So, I thought there were rules as to when interpretive dancing could be considered OK.
These include –
A. Your age.
If, Mr T says you should be in school, it is highly appropriate that you express song lyrics in dance moves.
B. Your consumption.
Whatever your poison – if you’re up to your eyeballs in – chances are that you will use your physicality to express a songs’ love / heartache / angst. Or whatever the appropriate emotion begs to be demonstrated.
Tim Rogers sings it.
Yet none of these antics were afoot last week when my buddy and I, out late on a school night, followed a line of high pant wearing, bearded and bunned hipsters into a dark room.
And it was, a very dark room.
I was a first time virgin at No lights, No lycra. And as all naive virgins are, I had pretty much no idea what was about to unfold. There were maybe 20 random punters, all in silhouette With even the exit signs shaded, not a face could be seen. Making me forget I was in Torquay on a school night. Taking me back to a time when all A, B and C were a big part of my life.
My buddy said, “See you when the lights come back on,” and veered right off and into the unseen. Leaving me standing alone in the dark at the front door.
It’s an odd feeling. Standing in the blackness with sober silhouettes you don’t know. A heavy bass-line playing to a tune you don’t know. Holding your life together in a shape you don’t know.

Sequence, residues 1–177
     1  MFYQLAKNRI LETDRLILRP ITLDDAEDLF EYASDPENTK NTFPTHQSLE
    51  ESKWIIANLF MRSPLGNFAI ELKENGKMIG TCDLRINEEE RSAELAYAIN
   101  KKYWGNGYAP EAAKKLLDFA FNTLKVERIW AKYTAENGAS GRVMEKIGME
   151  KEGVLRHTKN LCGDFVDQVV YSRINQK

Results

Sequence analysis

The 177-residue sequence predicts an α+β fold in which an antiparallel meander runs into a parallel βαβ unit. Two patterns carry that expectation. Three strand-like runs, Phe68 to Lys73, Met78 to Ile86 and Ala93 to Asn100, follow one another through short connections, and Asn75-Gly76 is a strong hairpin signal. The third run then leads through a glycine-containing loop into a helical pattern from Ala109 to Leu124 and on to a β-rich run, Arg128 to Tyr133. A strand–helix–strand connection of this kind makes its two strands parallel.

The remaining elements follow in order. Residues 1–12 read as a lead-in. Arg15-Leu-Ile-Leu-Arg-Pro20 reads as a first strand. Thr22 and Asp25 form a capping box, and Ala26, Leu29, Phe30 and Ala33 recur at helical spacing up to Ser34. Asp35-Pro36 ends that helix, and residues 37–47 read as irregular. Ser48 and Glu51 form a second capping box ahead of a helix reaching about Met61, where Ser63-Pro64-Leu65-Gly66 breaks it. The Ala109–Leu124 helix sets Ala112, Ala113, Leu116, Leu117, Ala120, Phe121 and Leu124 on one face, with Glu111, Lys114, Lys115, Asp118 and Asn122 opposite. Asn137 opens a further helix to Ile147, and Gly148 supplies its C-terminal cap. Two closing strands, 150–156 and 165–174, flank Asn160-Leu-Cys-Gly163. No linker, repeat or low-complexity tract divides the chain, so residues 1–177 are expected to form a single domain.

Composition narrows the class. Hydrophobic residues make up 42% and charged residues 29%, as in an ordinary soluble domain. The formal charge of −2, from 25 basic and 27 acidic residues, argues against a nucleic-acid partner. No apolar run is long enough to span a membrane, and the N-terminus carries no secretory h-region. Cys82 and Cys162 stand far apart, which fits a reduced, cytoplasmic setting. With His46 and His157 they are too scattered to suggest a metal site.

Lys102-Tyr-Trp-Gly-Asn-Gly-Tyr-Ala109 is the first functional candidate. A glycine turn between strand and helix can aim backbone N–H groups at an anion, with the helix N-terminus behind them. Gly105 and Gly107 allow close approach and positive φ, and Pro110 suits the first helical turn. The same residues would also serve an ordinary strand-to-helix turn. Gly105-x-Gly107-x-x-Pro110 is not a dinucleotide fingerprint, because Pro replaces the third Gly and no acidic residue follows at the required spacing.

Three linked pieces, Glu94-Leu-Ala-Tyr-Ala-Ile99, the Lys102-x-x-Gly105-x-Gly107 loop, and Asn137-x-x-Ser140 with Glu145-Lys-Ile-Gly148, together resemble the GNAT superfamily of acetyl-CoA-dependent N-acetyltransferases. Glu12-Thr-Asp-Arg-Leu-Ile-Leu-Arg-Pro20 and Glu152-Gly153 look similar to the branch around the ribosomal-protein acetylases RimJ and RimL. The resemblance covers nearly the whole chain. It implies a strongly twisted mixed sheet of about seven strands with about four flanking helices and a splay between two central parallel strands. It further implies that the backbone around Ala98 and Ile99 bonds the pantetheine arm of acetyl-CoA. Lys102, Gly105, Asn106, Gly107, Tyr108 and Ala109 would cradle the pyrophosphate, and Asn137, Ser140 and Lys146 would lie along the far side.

So I closed my eyes to make the room darker still.
And I danced.
At first I suppose it’s a big ask to call it dance. Lateral weight shift probably more appropriate. But as the beats became more familiar so too did my body. As it drew me into a space. This long ago familiar space.
This space of myself.
David Lee Roth made me jump so high, I could have blitzed the Toyota commercial. I raged against the machine so loud, I punched my body at the world and told it I wouldn’t do what it told me. Tay-tay made me shake it off so hard, my earrings fell out.
I sweated. I cried. I laughed.
Think 5 Rhythms dance, nadi shodhana and savasana.
Sometimes we don’t realise how much we hold in our bodies. That habitual cycles of movement with habitual cycles of being can create unconscious rules we feel we have to follow. Leaving unsaid words that we feel we have to swallow. Unshed tears that we feel we have to hide. Unfelt feelings that we push to the back of our being because we’re too high, or it was too far or it was too soon.
When the lights came on, after an hour of sweating in the room, 20 random silhouettes became humanity. The heavy bass-line steadied to my own heart beat. The shape of my life somehow shifted.
As if to fit me a little better.
Making it easier last night to dance with love for John and Kara to “The whole of the Moon.”
Even though Tim Rogers didn’t sing it. He was too funked up.